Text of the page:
Carmelitemissionaries

Friday, 14 December 2012

FEAST OF ST.JOHN OF THE CROSS

 
Where have you hidden,
 
       Beloved, and left me moaning?

       You fled like the stag

       after wounding me;

          I went out calling you, but you were gone. 

(C, 1)







St. John of the Cross, this great lover of God, was a "child of love" in the truest sense of the word.  

  Love is at the heart of the spirituality of St. John of the Cross.




 To begin with, the starting point for approaching John's negation spirituality is the expe rience of being loved by God a God who desires to enter into a personal relationship of love with human beings and our response to that love. Any notion of self-denial, detach ment, renunciation, or emptiness that is not born of an experience of God's personal love makes no sense to John of the Cross. God always takes the initiative. "We love because he first loved us" (1 Jn 4:19). In the beginning of the Spiritual Canticle , which sings of and recounts the Christian journey toward union with God in terms of love, John writes that the soul is only able to begin the journey of love in search for union with God because she first had an experience of God's love, and as a fruit of that experience, came to an aware ness that love is the purpose of existence (C, 1, 1). It is this experience of God's love that ignites the fire of love within a person so that one can begin the journey towards union with God through love.

 
       Where have you hidden,
       Beloved, and left me moaning?
       You fled like the stag
       after wounding me;
       I went out calling you, but you were gone. (C, 1)

  To possess God in all, you should not possess anything in all. For how can the heart that belongs to one belong completely to the other? (Letter 17 to Magdalena del Espiritu Santo, July 28, 1589)

  ultimately, only God can satisfy the human heart because God created us for a communion of life with God, created us for happiness and wholeness. And although the world and creatures are beautiful, made in the image and likeness of God, they cannot slake the deepest thirsts of the human spirit. Anything less than the infinite fails to satisfy us (F, 3, 18). This is a message that resounds throughout John's works. It is a truth he learned early in life. He grew up in misery and poverty; he knew hunger and abandonment. And like all the mystics of the great world religions, he was convinced that so much of human suffering comes from not realizing the truth that, ultimately, only God can satisfy the human heart.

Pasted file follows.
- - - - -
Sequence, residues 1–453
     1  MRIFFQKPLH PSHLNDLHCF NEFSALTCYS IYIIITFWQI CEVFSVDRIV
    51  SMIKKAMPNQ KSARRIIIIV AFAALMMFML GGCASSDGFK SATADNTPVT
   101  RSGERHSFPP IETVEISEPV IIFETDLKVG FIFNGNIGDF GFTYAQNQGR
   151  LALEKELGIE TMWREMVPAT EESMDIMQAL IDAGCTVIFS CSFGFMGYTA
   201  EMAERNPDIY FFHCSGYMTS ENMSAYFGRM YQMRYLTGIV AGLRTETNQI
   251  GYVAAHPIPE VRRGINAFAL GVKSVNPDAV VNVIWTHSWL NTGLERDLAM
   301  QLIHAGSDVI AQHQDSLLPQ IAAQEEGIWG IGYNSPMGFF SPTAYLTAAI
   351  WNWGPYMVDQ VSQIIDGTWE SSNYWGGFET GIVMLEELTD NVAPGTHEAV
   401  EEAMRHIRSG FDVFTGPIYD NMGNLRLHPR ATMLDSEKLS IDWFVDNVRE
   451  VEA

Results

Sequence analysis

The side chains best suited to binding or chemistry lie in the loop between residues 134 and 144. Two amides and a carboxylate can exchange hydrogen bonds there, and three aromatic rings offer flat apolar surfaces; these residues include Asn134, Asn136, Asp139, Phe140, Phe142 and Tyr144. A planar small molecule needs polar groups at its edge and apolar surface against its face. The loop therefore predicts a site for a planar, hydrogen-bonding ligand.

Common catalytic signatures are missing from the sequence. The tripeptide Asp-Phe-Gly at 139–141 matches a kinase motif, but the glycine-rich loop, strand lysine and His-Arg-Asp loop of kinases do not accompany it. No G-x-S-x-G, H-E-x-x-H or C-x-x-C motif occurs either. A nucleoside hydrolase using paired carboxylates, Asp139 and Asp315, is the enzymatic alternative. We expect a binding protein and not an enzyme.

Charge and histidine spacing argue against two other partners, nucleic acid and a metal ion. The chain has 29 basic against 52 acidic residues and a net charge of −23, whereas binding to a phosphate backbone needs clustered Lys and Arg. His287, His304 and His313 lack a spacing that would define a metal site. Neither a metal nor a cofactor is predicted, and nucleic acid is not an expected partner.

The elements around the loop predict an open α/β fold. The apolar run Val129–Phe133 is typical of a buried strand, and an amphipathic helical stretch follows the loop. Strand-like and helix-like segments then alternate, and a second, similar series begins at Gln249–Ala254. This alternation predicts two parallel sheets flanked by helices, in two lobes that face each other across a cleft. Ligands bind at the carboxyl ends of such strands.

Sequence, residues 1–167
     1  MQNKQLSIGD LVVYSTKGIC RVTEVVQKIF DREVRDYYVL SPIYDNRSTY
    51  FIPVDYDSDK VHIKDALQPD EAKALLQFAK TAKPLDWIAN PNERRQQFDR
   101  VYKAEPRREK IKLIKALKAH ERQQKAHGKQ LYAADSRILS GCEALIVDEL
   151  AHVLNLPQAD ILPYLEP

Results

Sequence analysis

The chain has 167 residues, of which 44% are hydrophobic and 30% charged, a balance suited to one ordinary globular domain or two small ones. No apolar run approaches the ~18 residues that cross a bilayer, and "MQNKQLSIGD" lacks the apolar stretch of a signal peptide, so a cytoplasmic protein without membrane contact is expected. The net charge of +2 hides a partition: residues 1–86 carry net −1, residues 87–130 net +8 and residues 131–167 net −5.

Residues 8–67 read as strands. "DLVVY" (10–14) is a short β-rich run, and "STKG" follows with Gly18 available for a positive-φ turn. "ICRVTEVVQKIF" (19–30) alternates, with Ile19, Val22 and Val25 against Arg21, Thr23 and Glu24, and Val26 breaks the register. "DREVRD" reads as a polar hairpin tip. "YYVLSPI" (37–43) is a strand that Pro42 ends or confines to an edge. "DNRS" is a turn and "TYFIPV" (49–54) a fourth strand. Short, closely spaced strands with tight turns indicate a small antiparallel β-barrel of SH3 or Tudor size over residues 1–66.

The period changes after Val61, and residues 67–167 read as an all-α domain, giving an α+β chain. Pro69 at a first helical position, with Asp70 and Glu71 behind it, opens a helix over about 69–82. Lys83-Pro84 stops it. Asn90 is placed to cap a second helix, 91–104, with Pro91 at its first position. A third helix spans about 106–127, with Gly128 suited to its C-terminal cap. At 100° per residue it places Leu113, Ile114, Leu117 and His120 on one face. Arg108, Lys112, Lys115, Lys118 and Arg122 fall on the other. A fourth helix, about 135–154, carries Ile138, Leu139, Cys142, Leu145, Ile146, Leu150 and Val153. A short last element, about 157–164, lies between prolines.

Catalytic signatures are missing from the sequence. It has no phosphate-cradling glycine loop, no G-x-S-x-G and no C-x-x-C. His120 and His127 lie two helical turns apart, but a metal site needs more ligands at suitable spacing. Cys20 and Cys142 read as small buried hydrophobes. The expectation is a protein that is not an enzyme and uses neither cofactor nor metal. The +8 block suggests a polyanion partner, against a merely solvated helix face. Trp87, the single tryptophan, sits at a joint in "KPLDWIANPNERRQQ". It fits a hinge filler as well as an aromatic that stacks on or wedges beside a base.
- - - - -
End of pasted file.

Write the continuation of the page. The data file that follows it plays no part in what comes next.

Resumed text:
The experience, therefore, of being deeply loved by God, God who takes the initiative and invites us to enter into a personal relationship of love, is the foundation for understanding John's negation spirituality. This is important because not only does it emphasize that it is God who takes the initiative but, in terms of any form of self-denial or renunciation or dying to self, we must view it in the context of a personal relationship of love with God.

 Jesus, therefore, is the model of the path of negation according to John of the Cross. To follow Jesus, to live according to the Gospel, implies by its very nature a life of loving dedication to pleasing God and a surrender of false securities and selfishness. It means treading the path of the cross, the way of service, compassion, and self-giving love. It me ans dying to self in order that others may live.







( http://www.icspublications.org/archives/others/cs6_5.html)



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